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The Strathprints institutional repository is a digital archive of University of Strathclyde's Open Access research outputs. Strathprints provides access to thousands of Open Access research papers by University of Strathclyde researchers, including by researchers from the Department of Computer & Information Sciences involved in mathematically structured programming, similarity and metric search, computer security, software systems, combinatronics and digital health.

The Department also includes the iSchool Research Group, which performs leading research into socio-technical phenomena and topics such as information retrieval and information seeking behaviour.

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Relationships between radiological and biochemical-evidence of rickets in asian schoolchildren

Abdul-Motaal, A.A. and Gettinby, G. and McIntosh, W B and Sutherland, G R and Dunnigan, M G (1985) Relationships between radiological and biochemical-evidence of rickets in asian schoolchildren. Postgraduate Medical Journal, 61 (714). pp. 307-312. ISSN 0032-5473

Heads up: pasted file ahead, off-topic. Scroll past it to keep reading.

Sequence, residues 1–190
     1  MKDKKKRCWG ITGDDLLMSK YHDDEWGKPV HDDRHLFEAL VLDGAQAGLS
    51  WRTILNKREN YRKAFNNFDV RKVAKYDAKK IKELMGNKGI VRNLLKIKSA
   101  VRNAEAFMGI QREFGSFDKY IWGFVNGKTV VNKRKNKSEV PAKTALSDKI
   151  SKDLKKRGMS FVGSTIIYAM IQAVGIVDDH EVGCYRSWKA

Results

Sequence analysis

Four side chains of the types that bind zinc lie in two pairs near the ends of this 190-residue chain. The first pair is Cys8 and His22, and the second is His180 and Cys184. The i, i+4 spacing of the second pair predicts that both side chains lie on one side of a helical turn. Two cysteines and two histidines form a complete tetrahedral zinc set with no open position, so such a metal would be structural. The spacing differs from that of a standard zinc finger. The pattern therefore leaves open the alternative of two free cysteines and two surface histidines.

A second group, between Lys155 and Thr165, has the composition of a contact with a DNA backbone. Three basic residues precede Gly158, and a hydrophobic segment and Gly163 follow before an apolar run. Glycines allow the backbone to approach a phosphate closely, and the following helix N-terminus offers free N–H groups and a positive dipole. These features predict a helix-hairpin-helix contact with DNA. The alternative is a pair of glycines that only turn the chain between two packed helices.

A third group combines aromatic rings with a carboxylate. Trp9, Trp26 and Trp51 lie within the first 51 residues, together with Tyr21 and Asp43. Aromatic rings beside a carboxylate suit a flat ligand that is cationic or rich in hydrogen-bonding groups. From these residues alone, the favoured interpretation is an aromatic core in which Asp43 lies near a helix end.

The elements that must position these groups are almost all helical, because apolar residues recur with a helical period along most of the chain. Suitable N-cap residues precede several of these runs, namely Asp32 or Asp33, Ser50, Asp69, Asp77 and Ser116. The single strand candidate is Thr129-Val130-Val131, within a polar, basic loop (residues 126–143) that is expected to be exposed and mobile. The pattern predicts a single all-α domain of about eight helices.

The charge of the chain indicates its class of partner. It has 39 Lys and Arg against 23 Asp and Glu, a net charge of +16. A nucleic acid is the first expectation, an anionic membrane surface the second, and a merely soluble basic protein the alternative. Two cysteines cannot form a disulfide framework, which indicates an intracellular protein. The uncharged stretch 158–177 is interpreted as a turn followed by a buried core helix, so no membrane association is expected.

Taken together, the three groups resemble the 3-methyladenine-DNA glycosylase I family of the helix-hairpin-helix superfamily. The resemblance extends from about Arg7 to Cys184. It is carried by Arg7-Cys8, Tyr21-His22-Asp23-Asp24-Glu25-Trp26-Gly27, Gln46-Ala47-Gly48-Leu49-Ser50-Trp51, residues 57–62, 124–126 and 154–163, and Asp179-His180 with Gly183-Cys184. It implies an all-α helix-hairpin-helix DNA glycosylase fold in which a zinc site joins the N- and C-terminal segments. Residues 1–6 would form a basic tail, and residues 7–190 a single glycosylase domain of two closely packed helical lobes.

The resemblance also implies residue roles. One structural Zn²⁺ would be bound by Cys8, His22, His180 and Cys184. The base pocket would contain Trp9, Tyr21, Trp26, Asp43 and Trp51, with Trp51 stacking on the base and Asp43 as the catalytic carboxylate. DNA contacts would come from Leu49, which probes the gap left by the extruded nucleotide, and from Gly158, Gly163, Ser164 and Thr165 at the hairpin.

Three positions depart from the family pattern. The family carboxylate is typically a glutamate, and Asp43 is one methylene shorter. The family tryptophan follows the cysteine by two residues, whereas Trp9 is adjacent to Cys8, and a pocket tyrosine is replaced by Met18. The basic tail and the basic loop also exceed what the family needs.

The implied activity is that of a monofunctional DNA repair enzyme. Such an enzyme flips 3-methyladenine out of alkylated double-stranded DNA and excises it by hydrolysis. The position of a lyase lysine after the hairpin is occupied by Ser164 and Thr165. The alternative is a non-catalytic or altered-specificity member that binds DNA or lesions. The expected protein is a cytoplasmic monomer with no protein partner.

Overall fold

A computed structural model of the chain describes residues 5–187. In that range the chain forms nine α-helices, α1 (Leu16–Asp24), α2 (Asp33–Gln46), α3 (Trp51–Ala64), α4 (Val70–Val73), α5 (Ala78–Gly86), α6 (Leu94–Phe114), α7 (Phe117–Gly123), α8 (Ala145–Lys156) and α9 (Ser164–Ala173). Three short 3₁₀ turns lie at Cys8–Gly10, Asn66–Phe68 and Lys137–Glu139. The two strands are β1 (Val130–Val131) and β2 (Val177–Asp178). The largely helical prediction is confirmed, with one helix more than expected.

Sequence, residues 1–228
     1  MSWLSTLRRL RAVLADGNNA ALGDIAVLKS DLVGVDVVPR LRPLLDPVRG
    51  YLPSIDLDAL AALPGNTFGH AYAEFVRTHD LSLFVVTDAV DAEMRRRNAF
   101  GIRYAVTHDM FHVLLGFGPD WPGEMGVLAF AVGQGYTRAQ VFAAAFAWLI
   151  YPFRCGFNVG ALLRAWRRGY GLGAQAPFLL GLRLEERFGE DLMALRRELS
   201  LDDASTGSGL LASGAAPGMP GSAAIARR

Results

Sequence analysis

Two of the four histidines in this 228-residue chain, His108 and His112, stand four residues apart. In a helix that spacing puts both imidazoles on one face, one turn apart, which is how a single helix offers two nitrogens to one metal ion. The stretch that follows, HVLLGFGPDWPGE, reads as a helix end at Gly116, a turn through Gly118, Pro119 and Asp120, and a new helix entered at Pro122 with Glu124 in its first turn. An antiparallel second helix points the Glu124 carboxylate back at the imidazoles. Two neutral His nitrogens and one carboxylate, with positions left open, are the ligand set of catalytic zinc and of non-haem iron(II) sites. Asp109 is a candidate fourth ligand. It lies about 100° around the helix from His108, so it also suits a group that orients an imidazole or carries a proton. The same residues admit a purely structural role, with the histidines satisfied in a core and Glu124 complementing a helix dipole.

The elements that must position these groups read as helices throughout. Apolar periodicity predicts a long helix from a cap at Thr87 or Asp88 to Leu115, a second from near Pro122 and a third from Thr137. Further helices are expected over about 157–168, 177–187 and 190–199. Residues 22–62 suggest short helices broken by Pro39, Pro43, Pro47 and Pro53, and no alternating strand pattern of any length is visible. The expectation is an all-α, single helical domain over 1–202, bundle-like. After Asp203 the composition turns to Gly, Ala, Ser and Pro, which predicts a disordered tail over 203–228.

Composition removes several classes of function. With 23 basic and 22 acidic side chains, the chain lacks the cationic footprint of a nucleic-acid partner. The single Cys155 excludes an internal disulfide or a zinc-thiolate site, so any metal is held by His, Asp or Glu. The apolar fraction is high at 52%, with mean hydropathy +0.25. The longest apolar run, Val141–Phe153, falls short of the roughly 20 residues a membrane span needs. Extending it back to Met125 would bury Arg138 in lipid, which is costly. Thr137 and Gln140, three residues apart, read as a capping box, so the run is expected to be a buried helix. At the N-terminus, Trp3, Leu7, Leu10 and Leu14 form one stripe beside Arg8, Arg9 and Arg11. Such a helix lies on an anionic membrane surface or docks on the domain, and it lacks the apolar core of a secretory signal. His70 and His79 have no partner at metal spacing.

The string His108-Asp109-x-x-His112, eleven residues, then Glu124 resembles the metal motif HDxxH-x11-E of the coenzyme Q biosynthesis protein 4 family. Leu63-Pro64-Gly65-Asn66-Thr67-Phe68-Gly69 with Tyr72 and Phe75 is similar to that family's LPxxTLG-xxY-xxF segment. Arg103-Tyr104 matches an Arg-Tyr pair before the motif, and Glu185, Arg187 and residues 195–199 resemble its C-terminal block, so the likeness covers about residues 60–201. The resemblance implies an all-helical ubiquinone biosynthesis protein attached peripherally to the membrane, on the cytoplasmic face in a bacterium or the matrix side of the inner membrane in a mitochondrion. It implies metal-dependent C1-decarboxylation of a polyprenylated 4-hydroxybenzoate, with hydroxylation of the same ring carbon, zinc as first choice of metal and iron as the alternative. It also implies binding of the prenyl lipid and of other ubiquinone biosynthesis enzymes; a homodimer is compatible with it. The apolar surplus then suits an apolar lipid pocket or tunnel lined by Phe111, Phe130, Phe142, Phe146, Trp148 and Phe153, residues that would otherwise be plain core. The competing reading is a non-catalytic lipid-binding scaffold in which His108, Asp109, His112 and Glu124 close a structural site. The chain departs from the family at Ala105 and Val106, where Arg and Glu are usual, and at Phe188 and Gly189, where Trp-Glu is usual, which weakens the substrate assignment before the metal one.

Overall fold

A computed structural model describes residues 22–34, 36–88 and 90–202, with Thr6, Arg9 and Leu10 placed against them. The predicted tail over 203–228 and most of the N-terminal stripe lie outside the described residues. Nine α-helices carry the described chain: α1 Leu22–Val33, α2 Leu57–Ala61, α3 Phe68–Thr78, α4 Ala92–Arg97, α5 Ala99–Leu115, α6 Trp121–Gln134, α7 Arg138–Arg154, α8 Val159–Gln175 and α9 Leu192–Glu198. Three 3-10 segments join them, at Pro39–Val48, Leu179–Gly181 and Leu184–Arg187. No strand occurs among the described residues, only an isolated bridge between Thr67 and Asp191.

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Abstract

One hundred Asian schoolchildren provided evidence of the relationships between radiological and biochemical evidence of rickets in a vitamin D-deficient population. In a retrospective study of the X-rays of 56 children the variables serum alkaline phosphatase, inorganic phosphorus and age provided a discriminant function which correctly classified 10 of 11 children with radiological evidence of rickets and 44 of 45 children with negative or marginally abnormal X-rays. When the discriminant function was applied to a prospective study of 44 children, three children with radiological evidence of rickets were correctly classified together with 38 of the remaining 41 children with negative or marginally abnormal X-rays. Serum alkaline phosphatase was the most important variable in the discriminant analysis, followed by serum inorganic phosphorus and age. Low levels of serum 25-hydroxy vitamin D (25-OHD) are of little value in predicting the severity of radiological evidence of rachitic bone disease in a vitamin D-deficient population.